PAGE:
Submit a ticketCall us

WebinarUpcoming Webinar: How Help Desk and Remote Support Pays for Itself

Learn how help desk software can simplify ticketing management, allow you to track hardware and software assets, and accelerate the speed of IT support and service delivery. Gain insights on how remote support tools allow your IT team to maximize their efficiency and ticket resolution by expediting desktop troubleshooting, ultimately helping keep end-users happy and productive.

Register here.

Home > Success Center > Netflow Traffic Analyzer (NTA) > Configure traditional NetFlow v5 on a Cisco router - Video

Configure traditional NetFlow v5 on a Cisco router - Video

Updated June 15, 2018

Overview

This video (4:33)  shows you how to configure a Cisco® router to export NetFlow data using traditional NetFlow, NetFlow v5 or v9. This demo does not cover Flexible NetFlow.  

 

 

This video is available in the following languages:  English

Environment

  • NTA

Related Resources

Video Transcription

This video shows you how to configure a Cisco® router to export NetFlow data using traditional NetFlow, NetFlow v5 or v9. This demo does not cover Flexible NetFlow.  

NetFlow helps you determine traffic source and destination, traffic type and bandwidth issues on your network.

First, open a command prompt or any other telnet or SSH tool such as PuTTY and log into your router. For this demonstration, we will be using a router with the IP address 10.199.2.6 and we'll be exporting the flows to our SolarWinds® NetFlow analyzer collector.

You must be in privilege mode to configure your router.

If you see Router> when you log in, you are in user mode.

To switch, enter enable to change to privilege mode.

Enter your enable password when prompted.

Once in enable mode, go into configuration mode by typing config t which stands for Configure Terminal.

Press enter.

Now you are ready to start the NetFlow configuration.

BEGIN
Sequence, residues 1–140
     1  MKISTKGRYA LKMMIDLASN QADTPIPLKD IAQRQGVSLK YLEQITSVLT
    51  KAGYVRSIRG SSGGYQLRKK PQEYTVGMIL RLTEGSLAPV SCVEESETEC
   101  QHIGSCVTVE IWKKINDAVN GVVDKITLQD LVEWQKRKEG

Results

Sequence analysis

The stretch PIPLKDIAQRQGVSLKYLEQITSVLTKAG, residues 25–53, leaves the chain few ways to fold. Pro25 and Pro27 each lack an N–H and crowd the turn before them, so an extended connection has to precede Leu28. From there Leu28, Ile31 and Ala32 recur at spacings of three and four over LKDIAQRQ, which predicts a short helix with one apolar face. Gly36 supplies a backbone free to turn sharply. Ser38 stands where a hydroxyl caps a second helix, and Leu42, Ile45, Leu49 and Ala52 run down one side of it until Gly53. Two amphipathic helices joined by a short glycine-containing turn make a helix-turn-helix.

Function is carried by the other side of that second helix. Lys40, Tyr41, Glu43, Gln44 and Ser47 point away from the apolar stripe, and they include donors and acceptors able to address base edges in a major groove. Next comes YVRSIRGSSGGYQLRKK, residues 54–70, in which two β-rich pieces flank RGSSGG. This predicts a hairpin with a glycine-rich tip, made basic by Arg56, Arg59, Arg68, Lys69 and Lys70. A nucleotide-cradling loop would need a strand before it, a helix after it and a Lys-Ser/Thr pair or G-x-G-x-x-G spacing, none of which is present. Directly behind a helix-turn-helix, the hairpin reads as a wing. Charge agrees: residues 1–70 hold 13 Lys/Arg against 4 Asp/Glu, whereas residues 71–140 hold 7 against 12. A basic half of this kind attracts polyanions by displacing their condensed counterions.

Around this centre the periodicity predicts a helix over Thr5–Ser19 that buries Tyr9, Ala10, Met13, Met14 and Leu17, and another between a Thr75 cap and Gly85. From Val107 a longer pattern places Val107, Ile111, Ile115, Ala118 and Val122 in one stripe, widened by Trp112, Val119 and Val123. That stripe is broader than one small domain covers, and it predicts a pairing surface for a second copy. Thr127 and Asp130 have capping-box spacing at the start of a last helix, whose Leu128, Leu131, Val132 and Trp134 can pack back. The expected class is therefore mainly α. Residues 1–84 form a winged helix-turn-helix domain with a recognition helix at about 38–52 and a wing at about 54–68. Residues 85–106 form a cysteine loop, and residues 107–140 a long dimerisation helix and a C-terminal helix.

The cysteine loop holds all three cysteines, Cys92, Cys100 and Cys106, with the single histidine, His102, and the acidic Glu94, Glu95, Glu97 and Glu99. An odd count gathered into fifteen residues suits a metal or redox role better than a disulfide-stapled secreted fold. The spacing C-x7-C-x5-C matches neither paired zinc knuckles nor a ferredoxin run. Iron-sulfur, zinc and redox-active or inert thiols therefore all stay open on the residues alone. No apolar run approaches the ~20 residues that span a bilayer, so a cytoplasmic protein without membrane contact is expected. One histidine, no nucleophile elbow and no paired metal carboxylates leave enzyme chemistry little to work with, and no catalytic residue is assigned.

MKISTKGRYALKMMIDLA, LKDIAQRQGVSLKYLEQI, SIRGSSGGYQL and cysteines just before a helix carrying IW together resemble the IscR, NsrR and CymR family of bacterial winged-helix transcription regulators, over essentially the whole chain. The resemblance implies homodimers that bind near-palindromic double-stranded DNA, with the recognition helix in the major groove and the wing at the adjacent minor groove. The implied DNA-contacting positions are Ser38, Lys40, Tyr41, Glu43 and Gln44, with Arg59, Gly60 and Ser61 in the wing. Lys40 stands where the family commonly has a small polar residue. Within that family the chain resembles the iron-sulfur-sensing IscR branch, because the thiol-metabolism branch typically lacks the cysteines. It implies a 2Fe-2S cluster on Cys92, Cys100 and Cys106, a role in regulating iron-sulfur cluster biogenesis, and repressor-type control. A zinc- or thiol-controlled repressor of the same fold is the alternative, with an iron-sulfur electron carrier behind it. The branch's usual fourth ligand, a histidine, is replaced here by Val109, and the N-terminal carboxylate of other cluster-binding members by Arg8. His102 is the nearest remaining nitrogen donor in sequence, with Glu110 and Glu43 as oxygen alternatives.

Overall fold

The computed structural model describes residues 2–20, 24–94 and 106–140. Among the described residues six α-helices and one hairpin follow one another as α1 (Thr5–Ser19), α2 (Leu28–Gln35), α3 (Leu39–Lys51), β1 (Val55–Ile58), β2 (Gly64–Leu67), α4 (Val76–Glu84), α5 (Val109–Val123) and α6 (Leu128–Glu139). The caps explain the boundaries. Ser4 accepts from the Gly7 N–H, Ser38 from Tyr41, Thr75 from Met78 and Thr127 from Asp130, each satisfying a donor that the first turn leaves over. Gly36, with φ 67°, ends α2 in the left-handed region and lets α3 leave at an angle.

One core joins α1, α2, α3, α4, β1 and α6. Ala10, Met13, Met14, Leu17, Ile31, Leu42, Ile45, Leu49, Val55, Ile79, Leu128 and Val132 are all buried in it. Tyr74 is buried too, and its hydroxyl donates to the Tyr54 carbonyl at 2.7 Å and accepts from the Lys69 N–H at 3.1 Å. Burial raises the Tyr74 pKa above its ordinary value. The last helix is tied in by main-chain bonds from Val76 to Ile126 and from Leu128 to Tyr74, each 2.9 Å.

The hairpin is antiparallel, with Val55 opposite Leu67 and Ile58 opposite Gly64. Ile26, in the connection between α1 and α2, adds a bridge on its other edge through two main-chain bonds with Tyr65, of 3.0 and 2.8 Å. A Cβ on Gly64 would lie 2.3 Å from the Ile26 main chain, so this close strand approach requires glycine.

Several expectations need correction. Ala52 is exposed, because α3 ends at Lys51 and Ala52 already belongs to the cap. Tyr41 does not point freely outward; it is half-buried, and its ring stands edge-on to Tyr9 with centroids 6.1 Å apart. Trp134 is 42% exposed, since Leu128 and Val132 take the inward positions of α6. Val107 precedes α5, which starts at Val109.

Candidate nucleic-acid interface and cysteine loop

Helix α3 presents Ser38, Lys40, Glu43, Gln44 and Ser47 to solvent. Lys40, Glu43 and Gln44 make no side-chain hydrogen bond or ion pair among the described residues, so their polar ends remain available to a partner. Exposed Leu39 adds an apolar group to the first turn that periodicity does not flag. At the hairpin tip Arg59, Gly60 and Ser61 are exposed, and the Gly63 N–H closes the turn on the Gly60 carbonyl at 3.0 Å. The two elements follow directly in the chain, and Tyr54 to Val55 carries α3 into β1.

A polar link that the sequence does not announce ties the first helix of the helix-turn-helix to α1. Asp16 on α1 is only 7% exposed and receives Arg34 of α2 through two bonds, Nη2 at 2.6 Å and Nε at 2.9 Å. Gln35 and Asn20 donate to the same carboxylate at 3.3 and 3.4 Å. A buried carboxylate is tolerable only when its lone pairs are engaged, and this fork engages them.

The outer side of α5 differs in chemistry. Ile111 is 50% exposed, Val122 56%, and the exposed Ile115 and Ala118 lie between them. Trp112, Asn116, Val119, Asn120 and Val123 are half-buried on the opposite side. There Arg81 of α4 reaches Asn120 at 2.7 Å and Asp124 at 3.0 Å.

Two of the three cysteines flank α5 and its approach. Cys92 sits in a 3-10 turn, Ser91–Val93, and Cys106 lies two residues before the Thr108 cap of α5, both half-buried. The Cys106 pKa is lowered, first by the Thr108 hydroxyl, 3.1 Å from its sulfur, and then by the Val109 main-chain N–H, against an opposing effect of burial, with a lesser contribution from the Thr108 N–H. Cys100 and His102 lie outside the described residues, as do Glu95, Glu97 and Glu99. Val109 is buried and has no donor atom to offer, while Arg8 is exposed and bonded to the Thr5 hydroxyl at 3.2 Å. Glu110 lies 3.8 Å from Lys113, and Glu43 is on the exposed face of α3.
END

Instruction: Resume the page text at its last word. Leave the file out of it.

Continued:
Start by typing ip flow-export source GigabitEthernet0/0. This tells the router to use this interface as the source to export the flow data.

This must be a Layer 3 interface. When flows are exported, the IP address that is configured on the interface will be used. The interface used as a source for export does not have to be one that is enabled to collect NetFlow data.

Next, tell the router where to send the NetFlow data: ip flow-export destination 10.199.25.62 2055.

This is the IP Address where the router will export the flows and the UDP port number. UDP Port 2055 is the default listening port for SolarWinds® NetFlow Traffic Analyzer.

Now, configure the NetFlow version by typing ip flow-export version 5. SolarWinds also supports version 9.

If you are using NetFlow version 9 set the template timeout to one minute. Enter ip flow-export template timeout-rate 1. This will ensure there are no data gaps if the server or the NetFlow service restarts.

Type ip flow-cache timeout active 1. The default setting for long active flows, also known as long-lived flows, is 30 minutes. This can cause high peaks well above the configured circuit speeds. By breaking the cached flows into one-minute fragments you can normalize the data and avoid these high peaks.

To ensure that finished flows are periodically exported, configure the inactive timeout by typing ip flow-cache timeout inactive 15. This exports all inactive flows every 15 seconds.

Next, type snmp-server ifindex persist. This ensures that the ifIndex values persist during device reboots.

This next step enables NetFlow on interfaces where NetFlow data will be collected and analyzed.

In this example, both gigabitEthernet 0/0 and port-channel1 will be enabled to collect NetFlow.

Type int gigabitEthernet 0/0 and press enter.

Type ip flow ingress and press enter.

Type exit to leave the configuration mode for this interface.

Type int port-channel1 and press enter.

Type ip flow ingress and press enter.

Type exit to leave the configuration mode for this interface.

In order to avoid duplicate flows, follow this rule of thumb:

  • When monitoring only one interface on the device, configure both ip flow ingress and ip flow egress.
  • And when monitoring multiple interfaces, configure ip flow ingress only.

The final step is to exit configuration mode. Type exit and wr mem to save the configuration to the router.

Now that the Cisco router is configured, you can analyze your network traffic using SolarWinds®NetFlow Traffic Analyzer and monitor your network using SolarWinds® Network Performance Monitor.

 

 

Last modified

Tags

Classifications

Public